Bitcoin (BTC) broke through the $60,000 mark yesterday with apparent ease despite the realization that Tether has lied to the market about their stablecoin USDT. The U.S. CFTC issued an order simultaneously filing and settling charges against Tether Holdings Limited, Tether Limited, Tether Operations Limited, and Tether International Limited (d/b/a Tether) for making untrue or misleading statements and omissions of material fact in connection with USDT. Some experts believe that this bull leg could take BTC to $100,000 by the end of the year.
The False Narrative & Liquidity Crisis
According to the CFTC order, Tether, since its launch in 2014, has represented that the tether token is a stablecoin with its value pegged to fiat currency and 100% backed by corresponding fiat assets, including U.S. dollars and euros. However, from at least June 1, 2016, to February 25, 2019, Tether falsely claimed that it maintained sufficient U.S. dollar reserves to back every USDT in circulation with the “equivalent amount of corresponding fiat currency” held by Tether and “safely deposited” in Tether’s bank accounts. However, Tether reserves were not “fully-backed” the majority of the time. Tether failed to disclose that it included unsecured receivables and non-fiat assets in its reserves. Tether falsely represented that it would undergo routine, professional audits to demonstrate that it maintained “100% reserves at all times” even though Tether reserves were not audited.
As found in the order, Tether held sufficient fiat reserves in its accounts to back USDT tether tokens in circulation for only 27.6% of the days in a 26-month sample time period from 2016 through 2018. Instead of holding all USDT token reserves in U.S. dollars as represented, Tether relied upon unregulated entities and certain 3rd-parties to hold funds comprising the reserves; comingled reserve funds with Bitfinex’s operational and customer funds; and held reserves in non-fiat financial products.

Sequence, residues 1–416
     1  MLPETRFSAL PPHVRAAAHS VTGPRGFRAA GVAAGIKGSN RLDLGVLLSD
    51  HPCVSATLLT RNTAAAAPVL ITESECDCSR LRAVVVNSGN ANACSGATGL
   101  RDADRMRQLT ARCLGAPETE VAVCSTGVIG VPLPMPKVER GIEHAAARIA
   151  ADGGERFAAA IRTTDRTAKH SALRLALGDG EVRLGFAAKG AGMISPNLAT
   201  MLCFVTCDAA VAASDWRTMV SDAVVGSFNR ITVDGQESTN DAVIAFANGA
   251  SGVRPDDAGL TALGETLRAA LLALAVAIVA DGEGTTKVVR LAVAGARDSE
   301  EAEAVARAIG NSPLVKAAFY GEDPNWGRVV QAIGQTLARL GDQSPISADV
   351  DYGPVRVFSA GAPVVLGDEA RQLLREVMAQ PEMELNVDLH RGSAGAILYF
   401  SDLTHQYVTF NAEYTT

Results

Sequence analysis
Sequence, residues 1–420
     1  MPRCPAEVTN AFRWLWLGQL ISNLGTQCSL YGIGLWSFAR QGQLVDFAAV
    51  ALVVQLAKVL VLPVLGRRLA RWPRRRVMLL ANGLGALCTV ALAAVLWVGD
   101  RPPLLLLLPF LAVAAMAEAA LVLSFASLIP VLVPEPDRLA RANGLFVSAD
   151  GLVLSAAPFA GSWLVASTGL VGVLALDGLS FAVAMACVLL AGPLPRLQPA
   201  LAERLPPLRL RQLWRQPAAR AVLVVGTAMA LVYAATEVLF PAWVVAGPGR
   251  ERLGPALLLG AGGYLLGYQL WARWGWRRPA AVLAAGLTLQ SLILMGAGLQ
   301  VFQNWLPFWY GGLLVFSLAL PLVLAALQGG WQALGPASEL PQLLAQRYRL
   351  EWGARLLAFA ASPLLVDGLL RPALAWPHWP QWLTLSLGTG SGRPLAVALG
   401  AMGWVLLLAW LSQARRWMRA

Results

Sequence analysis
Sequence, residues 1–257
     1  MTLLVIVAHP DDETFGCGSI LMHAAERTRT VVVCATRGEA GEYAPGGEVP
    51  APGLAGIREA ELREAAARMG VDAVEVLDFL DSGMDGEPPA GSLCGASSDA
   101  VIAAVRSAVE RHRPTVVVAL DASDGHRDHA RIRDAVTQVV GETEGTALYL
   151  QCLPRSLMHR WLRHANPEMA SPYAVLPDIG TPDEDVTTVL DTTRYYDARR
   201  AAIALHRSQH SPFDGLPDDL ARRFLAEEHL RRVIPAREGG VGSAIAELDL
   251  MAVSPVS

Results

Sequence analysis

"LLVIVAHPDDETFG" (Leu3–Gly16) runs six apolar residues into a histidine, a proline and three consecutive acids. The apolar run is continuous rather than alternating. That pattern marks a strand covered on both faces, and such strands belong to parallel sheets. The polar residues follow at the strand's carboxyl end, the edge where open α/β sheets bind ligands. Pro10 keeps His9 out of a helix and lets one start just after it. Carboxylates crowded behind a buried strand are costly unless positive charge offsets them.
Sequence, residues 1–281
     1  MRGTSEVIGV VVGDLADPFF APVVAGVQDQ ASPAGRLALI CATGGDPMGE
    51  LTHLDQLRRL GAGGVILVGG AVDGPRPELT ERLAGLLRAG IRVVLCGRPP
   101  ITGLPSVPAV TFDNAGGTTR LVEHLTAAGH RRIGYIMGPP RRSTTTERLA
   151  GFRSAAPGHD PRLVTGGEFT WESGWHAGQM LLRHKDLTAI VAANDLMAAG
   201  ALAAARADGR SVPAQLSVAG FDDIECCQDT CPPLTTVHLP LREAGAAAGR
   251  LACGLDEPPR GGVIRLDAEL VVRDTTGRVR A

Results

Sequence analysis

The Tether and Bitfinex groups are interconnected. At least, that is the prevailing opinion in the market. Allegedly, Tether and Bitfinex’s combined assets included funds held by 3rd-parties, including at least 29 arrangements that were not documented through any agreement or contract, and that Tether transferred Tether reserve funds to Bitfinex, including when Bitfinex needed help responding to a “liquidity crisis.”
The order requires Tether to pay a civil monetary penalty of $41 million and to cease and desist from any further violations of the Commodity Exchange Act (CEA) and CFTC regulations, as charged. The order requires Bitfinex to pay a $1.5 million civil monetary penalty. It also prohibits Bitfinex from further violations of the CEA. Moreover, it requires Bitfinex to implement and maintain additional systems reasonably designed to prevent unlawful retail commodity transactions.